What You Must Know Before Buying a Franchise

buying a franchise

Thinking of buying a franchise? Starting a new business is a risky endeavor. There is absolutely no guarantee of success or profit.

Many new businesses barely make enough money to break even against expenses. More than one in five businesses fail within a year.

Well over half of all businesses fail after five years in operation.

There are many reasons why new businesses fail. One us not taking care to establish a brand presence. Or not taking advantage of social media marketing. Not identifying, targeting, or engaging a consumer demographic.

Many new businesses don’t understand their relative business market. They just assume that opening a business is enough to succeed on its own.

That’s why buying a franchise can be the difference between failure and success. Many franchises have these problems solved.

Franchise beginnings

To escape the pitfalls of starting a business from scratch, many new entrepreneurs opt to buy a franchise.

A franchise can count on regular business to some degree due to the benefit of buying into a brand name. Franchises instantly appeal to a built-in consumer base that is already loyal to an established brand name.

Sound like easy money?

Well, there is no such thing as easy money. If you are considering become a franchisee, know two things: The franchisor always wins and, as a franchisee, you need to think strategically to prosper.

Buying a franchisee investment costs

The cost to launch a new, independent business could cost anywhere from $5,000 to $50,000 by most conservative estimates.

Those are the initial costs to start up a business without taking into consideration operating costs. If you are buying a franchise, you may have to pay anywhere from $50,000 to $100,000 just to launch.

The bigger the franchise, the more expensive the startup costs.

If you buy into one of the more notable and brand established franchises, you will definitely have to pay more in initial investment costs.

You must remember that as a franchisee, you are buying in the convenience of selling products via an established brand.

Buying into a national or internationally known franchise, or multiple franchises, could cost between $1 million and $5 million.

Keep in mind that buying into a brand with an initial investment does not take into paperwork costs, utilities, supplies, and other monthly, seasonal, and annual operating expenses.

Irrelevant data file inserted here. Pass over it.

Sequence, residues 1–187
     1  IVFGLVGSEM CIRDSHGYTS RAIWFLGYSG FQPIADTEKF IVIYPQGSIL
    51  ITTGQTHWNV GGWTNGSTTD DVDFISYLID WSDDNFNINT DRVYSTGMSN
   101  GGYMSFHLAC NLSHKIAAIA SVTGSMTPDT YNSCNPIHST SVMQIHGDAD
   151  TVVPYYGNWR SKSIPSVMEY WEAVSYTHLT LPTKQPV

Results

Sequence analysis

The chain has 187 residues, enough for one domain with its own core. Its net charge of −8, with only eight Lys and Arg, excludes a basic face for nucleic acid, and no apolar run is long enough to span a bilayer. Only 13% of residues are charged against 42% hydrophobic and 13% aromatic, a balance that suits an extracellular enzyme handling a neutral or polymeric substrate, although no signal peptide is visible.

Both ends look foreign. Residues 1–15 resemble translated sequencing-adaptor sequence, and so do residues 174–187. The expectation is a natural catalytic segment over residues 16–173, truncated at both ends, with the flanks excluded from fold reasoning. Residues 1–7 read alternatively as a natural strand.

It might take months, years, or decades for you to make back your original investment.

Why? Because, along with worrying about operational costs, you will be very busy paying franchise fees on a recurring basis.

The fee is always right

How do you think that McDonald’s, Burger King, Pizza Hut, Dunkin’ Donuts, Hertz Rent A Car, and other globally known brands make their money?

They profit by taking significant cuts of their franchisees’ sales and profit margins.

They also mandate that their franchisees buy all of their supplies from the franchisor home office. Franchisees can’t just buy their supplies on their own.

Franchisees must pay any and all fees mandated by the franchisor. Also, franchisees must comply with all staff retraining orders made by the franchisor, at the expense of the franchisee.

If you open a franchise restaurant, jewelry store, or auto parts store, you don’t just get to sit back and rake in the dough.

Besides fees you pay on a monthly, seasonal, and yearly basis, new fees can be established by the franchisor. They must be contractually paid by franchisees.

Revolving fees

What kind of fees? It might be easier to ask what kind of franchisee fees don’t exist. A “franchise fee,” is usually a one-time fee for the convenience of buying into an established brand.

A franchise fee might be anywhere from $20,000 to $50,000. If you take over a franchise region of locations and oversee or sell them, you would be a master franchisee.

A master franchisee fee could be $100,000 or significantly more.

As a franchisee you will be expected to help the franchisor with their marketing and advertising costs. You will be charged a monthly marketing fee to help pay for regional and national marketing costs to help expand the brand.

This could be a 2% to 4% of sales as monthly marketing fee. It may go as high as 8% depending on the brand.

Paying the royalty fee

Then there is the royalty fee. The royalty fee is monthly based, taken from sales, and is 4% on average. It can be considerably more.

For instance, if your franchise makes $750,000 in a year and your franchisor charges a monthly 5% royalty, then you would owe the franchisor $37,500 for the year.

Keep in mind that would be an expense on top of the other operating expenses.

If the franchisor requires you and your staff to undergo new training procedures you must comply at your own expense. Exactly how many franchisor fees that you will be responsible for depends on the franchisor.

It behooves you to be acquainted with fee structures to calculate your own potential earning potential as a franchisee.

Less than 7% of all franchises ever make more than $250,000 a year.

Self-market your franchise

The average franchisee makes between $66,000 and $82,000 a year.

Considering the amount required for investment costs, and the expenses required for operational costs and recurring franchise fees, it’s easy to see how even a well-known franchise can fail.

The franchisor is like a casino — the house always wins. But the player wins the jackpot every now and then.

Make sure that you dedicate a significant portion of your first-year operating budget to local self-promotion. Pay your franchisor marketing fee and market locally on your own.

Engage your local consumer base and assess their needs.

Such a marketing endeavor will have to be paid out of your pocket but will be worth it. This will be the most optimal way to stand out as a franchisee and to profit.

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